Most western women reach the menopausal years between the ages of 45 and 55, with the average being about 50 or 51 years. However each woman is different, some women reach menopausal age in their 30s and early 40s, while others keep menstruating until the late 50s.
This time in life is not the end of womanhood or sexuality. For some, the opposite is true. It is only the end of the reproductive cycle; it is not a sign of old age. This change has nothing to do with greying of the hair or a loss of sexual desire; post-menopausal women can live a very enjoyable and active life in all respects.
Causes of menopause
At menopause, a woman stops ovulating, and her ovaries stop producing oestrogen and progesterone.
In addition to its role in reproduction, oestrogen is required to stimulate receptors in the vagina, bladder, breasts, skin, bones, arteries, heart, liver and brain, and to promote normal function of these organs.
For example, oestrogen is required to keep the skin and vaginal tract moisturised and supple, keep calcium in the bones, boost libido maintain a balanced body temperature and keep the blood vessels unclogged. Cholesterol levels can increase when oestrogen declines. Menopausal symptoms may also follow a hysterectomy, or be due to an underlying hormonal disorder such as Premature Ovarian Failure or Hypothalamic amenorrhoea.
The onset of change of life may in some women be signalled by the menopause symptoms listed below. In others, the symptoms, apart from the cessation of the menstrual cycle, may not be noticeable.
- Hot flushes/hot flashes
- Night sweats
- Interrupted sleep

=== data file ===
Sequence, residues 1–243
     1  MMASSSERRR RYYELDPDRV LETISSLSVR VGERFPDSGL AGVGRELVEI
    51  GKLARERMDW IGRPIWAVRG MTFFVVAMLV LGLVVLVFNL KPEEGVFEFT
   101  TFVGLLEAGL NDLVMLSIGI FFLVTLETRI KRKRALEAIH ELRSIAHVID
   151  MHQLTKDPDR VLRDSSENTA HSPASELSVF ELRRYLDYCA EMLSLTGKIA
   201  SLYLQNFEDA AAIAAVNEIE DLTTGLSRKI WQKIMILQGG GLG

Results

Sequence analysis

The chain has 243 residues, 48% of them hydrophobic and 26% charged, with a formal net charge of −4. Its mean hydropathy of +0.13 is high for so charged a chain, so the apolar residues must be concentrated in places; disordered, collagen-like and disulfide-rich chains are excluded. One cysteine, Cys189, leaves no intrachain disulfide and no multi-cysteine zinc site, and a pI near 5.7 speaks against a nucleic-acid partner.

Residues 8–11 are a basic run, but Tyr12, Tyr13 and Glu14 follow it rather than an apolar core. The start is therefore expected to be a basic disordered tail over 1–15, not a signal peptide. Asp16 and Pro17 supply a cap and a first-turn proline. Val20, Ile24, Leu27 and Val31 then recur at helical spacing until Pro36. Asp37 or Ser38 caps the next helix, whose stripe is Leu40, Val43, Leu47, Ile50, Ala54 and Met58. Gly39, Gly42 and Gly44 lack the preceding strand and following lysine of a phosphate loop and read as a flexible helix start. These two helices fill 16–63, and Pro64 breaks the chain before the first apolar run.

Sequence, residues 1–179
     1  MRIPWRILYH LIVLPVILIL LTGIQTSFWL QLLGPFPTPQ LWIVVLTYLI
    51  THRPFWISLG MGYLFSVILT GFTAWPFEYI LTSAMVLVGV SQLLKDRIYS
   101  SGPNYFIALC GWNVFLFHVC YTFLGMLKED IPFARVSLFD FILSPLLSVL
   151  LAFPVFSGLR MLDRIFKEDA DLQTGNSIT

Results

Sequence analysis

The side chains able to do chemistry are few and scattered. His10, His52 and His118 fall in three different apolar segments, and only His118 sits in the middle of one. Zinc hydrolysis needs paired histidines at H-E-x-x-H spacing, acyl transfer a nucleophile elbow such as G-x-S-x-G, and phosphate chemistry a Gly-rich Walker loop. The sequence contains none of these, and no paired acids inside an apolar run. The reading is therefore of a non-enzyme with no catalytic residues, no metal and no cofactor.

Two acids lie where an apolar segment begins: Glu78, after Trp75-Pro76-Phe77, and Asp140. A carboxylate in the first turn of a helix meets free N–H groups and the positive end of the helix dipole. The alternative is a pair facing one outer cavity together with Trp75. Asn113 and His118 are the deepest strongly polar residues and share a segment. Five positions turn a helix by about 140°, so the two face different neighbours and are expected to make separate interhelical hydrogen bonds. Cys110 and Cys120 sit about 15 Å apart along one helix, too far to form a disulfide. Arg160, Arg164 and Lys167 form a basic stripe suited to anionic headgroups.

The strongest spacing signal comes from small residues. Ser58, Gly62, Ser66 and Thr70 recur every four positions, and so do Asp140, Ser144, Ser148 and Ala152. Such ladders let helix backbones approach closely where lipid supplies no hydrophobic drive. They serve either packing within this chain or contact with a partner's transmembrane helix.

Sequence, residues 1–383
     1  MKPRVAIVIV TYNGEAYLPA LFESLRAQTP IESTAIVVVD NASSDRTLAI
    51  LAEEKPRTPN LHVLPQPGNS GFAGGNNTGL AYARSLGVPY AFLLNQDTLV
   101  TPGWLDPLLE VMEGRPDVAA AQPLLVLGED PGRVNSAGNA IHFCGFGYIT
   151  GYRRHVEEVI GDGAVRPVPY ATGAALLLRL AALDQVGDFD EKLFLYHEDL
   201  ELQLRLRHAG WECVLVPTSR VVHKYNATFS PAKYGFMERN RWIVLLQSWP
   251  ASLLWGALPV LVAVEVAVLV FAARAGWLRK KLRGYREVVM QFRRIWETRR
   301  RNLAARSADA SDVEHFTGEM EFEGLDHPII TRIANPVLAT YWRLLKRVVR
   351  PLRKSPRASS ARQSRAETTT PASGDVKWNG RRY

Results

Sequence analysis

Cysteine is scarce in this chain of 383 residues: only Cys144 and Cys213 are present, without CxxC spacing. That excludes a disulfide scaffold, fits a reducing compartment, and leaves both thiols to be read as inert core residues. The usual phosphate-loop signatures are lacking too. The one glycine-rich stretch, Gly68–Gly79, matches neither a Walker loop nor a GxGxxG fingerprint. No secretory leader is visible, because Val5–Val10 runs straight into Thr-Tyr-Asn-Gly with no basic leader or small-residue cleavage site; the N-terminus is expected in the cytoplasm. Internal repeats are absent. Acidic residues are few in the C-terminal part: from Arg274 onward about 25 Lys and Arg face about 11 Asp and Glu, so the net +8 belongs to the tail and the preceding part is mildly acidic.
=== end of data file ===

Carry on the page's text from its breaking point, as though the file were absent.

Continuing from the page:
- Changes in her menstrual cycle
- Increased nervousness, anxiety or irritability
- Increased need to urinate
- Nausea, constipation, diarrhoea, cold hands and feet
- Weight gain
- ‘Menopausal arthritis’
- Light headed feeling
- Painful intercourse (due to changes to the vaginal wall and vaginal dryness)
- Loss of sexual drive/libido
- Urinary frequency
- New facial hair
- Dry skin
- Crawling feeling under the skin
The changes in biochemistry after menopause also lead to an increased risk of developing menopausal arthritis, dementia and heart disease.
The adrenal glands and menopause
The adrenal glands are small walnut-sized glands which are located at the top of each kidney. They secrete hormones in response to stress including cortisol and DHEA. Under stress, particularly prolonged stress, our adrenal glands can become exhausted or fatigued. This is known as hypocortisolism.
During menopause, our adrenal glands become our ‘surrogate’ ovaries and actually produce small amounts of oestrogen and testosterone. However, this role can be diminished if there has been stress.
The healthier the adrenal glands, the less menopausal symptoms a woman will experience. Yes, the more ‘adrenally challenged’ a woman is, the worse her menopausal symptoms are likeley to be. This is why it is important that adrenal support should be part of a menopause treatment plan (LINK)
Frequently, the diagnosis of menopause has already been made by the woman herself. However, when a woman presents with menopausal symptoms, their doctor will usually arrange a blood test for:
- Follicle Stimulating Hormone (FSH): >40 (depending on the lab) indicates a menopausal state
- Luteinizing Hormone (LH): >20 (depending on the lab) indicates a menopausal state
- Oestradiol/Estradiol (E2): <44 (depending on the lab) indicates a menopausal state
I routinely test for hormone imbalances using Bicom Bioresonance testing and so therefore, rarely do I recommend any of the following (saving time and money for my patients!)
- Saliva Adrenal Hormone test measuring cortisol and DHEA
- Saliva female hormone panel including estrone, estradiol, estriol, progesterone and testosterone
- Serum (blood) expanded female hormonal panel, including testosterone and LH to FSH ratio
- Thyroid panel – TSH, T4, T3, Reverse T3, thyroid antibodies
- Blood lipid profile (cholesterol and triglycerides)
Menopausal Symptoms Linked to Alzheimer’s Disease?
Adequate oestrogen protects and benefits our brain. In recent years, the role of oestrogen as a neurone protective agents has been well documented.
Women with very low levels or oestrogen are more prone to developing dementia and even Alzheimer’s disease. The good news is there is safe, natural means to optimise oestrogen levels which I offer to my patients.